Inequalities for Pacific Island peoples
Social Report highlights inequalities for Pacific Island peoples
Press Release 8 August 2006 -
Service & Food Workers Union, Nga Ringa Tota For immediate release.
"The Ministry of Social Development's recently released Social Report highlights disastrous inequalities for Pacific Island Workers in Aotearoa," said John Ryall, National Secretary of the Service and Food Workers Union, Nga Ringa Tota.
Low hourly rates for Pacific
The report shows that in June 2005, Pacific Island workers faced a median hourly rate of $13.79 per hour. While this rate is low, it disguises the much lower average for Pacific Island women as a group. This compared poorly with Europeans who had the highest median hourly rate of $17 an hour.
Dangerous jobs for Pacific and Maori
Pacific Island and Maori workers were significantly over-represented in low paid jobs. These jobs were clearly more dangerous, with accident rates Pacific Island and Maori workers much higher than for workers of other ethnicities.
Income disparities increase
Since 1998, the top 20% of income earners have had an increase of 30% in their income. In the same time period, those on the lowest incomes have barely experienced an increase at all.
Pacific Island Families scraping by on low
There has been no change in the number of Pacific Island families living on insufficient resources - in fact the Social Report notes that being a Pacific Island family was the feature most likely to determine a lack of resources. Long lasting low family incomes have an extremely negative impact on children, resulting in poor health and low educational achievement. The proportion of children living in low-income families is higher than it was in 1998 with 54% of families with a Pacific Island member having low living standards.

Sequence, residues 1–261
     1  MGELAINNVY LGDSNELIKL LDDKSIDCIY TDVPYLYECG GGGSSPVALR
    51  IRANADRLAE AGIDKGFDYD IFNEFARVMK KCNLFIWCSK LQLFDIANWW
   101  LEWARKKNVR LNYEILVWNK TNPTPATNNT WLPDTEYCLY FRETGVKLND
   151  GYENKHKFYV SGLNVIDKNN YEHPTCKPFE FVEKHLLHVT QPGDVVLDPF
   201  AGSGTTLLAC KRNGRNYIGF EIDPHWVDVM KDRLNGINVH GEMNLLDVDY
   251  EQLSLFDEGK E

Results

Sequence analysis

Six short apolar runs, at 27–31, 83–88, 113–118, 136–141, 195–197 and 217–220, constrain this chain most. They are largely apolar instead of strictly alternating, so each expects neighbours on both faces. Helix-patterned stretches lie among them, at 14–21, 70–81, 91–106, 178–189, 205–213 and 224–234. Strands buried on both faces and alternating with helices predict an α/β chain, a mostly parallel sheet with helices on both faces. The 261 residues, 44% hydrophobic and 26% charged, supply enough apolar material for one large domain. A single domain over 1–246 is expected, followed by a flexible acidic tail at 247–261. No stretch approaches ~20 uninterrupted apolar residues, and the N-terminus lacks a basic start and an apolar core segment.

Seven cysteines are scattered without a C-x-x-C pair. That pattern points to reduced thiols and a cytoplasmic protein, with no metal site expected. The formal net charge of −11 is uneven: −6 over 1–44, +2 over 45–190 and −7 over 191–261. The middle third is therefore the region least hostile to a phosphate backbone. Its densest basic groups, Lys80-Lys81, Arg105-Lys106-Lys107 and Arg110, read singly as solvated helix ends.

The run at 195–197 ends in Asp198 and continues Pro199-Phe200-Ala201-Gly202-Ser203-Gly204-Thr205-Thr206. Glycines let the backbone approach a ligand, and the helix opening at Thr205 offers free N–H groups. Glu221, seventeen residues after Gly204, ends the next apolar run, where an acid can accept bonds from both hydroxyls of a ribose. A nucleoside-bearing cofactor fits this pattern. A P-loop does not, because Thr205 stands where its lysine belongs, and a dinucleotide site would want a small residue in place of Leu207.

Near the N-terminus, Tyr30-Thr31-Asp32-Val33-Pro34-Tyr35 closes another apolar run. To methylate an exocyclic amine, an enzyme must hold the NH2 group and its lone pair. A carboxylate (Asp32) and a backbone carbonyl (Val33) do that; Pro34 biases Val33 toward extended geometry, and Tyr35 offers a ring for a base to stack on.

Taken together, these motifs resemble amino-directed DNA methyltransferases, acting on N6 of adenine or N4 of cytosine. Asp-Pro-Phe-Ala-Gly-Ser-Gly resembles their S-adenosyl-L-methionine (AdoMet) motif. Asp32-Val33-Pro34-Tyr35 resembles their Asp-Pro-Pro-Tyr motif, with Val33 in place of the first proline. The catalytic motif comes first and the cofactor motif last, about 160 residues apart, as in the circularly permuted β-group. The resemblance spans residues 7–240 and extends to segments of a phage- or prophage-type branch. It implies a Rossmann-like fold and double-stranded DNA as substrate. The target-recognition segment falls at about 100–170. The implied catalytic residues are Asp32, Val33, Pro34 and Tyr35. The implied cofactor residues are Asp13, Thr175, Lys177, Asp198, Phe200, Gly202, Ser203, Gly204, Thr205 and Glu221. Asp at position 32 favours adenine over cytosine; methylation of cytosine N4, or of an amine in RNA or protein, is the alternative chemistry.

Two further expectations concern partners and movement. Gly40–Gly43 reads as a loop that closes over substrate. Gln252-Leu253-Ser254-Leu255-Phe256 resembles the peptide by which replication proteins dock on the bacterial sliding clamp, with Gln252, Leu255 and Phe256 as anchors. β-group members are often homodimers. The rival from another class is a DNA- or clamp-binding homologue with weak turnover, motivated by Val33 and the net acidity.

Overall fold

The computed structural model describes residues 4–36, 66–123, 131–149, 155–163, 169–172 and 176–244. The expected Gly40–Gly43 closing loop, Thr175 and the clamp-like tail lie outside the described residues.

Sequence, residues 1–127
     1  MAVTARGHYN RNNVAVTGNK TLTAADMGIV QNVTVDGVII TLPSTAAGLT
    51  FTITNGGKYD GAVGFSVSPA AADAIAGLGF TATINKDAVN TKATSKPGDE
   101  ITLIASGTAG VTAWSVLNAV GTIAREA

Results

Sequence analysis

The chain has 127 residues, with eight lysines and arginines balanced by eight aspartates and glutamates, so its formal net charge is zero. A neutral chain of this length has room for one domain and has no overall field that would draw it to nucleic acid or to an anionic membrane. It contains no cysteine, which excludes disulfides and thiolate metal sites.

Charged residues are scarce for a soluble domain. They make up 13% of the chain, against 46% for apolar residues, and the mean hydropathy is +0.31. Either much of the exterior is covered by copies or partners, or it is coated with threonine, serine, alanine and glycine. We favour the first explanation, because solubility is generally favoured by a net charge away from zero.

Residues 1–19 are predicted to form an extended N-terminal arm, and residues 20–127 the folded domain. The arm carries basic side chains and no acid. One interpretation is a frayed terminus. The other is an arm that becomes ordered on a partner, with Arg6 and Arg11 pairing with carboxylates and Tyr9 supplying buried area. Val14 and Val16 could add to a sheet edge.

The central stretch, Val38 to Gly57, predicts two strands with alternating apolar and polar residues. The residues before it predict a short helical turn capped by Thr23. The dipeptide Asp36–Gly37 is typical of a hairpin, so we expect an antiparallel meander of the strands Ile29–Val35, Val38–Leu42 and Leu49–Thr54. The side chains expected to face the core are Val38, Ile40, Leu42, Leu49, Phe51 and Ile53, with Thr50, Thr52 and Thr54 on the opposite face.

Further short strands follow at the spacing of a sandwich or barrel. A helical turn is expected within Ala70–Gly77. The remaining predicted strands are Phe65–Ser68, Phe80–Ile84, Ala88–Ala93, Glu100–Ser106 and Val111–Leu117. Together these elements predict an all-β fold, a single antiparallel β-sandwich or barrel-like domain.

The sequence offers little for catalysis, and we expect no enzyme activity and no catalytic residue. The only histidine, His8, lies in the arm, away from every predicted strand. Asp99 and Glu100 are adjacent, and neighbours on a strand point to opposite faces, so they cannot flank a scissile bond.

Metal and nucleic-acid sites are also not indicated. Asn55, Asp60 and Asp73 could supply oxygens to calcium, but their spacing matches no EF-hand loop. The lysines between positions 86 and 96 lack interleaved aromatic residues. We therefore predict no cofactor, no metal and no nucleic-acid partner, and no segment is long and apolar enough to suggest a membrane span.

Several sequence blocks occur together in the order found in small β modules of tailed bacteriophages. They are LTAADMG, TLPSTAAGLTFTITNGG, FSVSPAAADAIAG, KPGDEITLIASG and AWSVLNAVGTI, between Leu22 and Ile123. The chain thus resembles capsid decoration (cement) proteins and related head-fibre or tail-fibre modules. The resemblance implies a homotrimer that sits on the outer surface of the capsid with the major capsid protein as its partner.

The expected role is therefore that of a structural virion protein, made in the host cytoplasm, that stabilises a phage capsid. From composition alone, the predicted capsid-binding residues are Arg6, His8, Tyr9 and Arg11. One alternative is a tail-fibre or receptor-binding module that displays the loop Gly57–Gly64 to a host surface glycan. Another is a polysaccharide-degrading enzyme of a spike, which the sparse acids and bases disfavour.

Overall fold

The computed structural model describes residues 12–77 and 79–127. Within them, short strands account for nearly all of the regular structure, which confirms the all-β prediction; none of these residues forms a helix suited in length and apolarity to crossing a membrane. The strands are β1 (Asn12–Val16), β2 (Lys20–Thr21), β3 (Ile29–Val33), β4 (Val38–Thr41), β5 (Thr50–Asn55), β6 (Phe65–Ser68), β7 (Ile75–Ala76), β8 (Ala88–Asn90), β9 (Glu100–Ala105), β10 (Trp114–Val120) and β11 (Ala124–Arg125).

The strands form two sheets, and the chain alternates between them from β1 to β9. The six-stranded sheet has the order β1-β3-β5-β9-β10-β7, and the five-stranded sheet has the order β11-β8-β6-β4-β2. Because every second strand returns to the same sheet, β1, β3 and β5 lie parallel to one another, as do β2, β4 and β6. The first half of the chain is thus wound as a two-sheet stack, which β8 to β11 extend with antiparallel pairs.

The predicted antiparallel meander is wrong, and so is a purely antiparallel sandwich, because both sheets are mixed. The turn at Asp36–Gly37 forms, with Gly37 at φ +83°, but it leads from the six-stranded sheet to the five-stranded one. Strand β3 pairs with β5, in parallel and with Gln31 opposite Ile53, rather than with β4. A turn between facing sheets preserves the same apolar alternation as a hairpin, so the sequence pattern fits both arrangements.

Overcrowding - Pacific Island families
are living in overcrowded settings
41% of Pacific Island families living in homes needing 2 or more additional bedrooms. There was a clear correlation between income levels and levels of overcrowding.
workers face severe hardship and are campaigning for
"Pacific Island workers want to have real choices about their lives, their education and their housing, but low wages keep them locked in the poverty cycle."
"That's why cleaners are campaigning for better jobs, respect for the work they do, and better lives for their families through our union's Clean Start campaign," said Mr Ryall
Auckland cleaner Sue Lafaele said "we are campaigning for a Clean Start in the cleaning industry and telling property owners and contract cleaning firms to take responsibility for the poverty wages that are destroying our lives."
No bank will give us a loan to buy a house for
"What we would really like is to have a house for our family, but how can we afford a house on these wages? No bank will ever give me a loan when I earn $10.95 and how can I save money on my wages?" said Ms Lafaele.
We feel like second-class citizens
"We came to New Zealand to work so our kids could get a better education and a better life, but the reality is that life in New Zealand working as a cleaner is really hard. We feel like second class citizens." said Ms Lafaele.
Why can't I buy new socks like everyone else?
"My socks have holes in them. That's because I have to buy my socks from the second hand shop. I can't even afford the two-dollar socks from K-Mart," said Ms Lafaele.
"Cleaners need respect for our work and to be paid a living wage - why shouldn't I be able to buy new socks like everyone else?" Sue asked.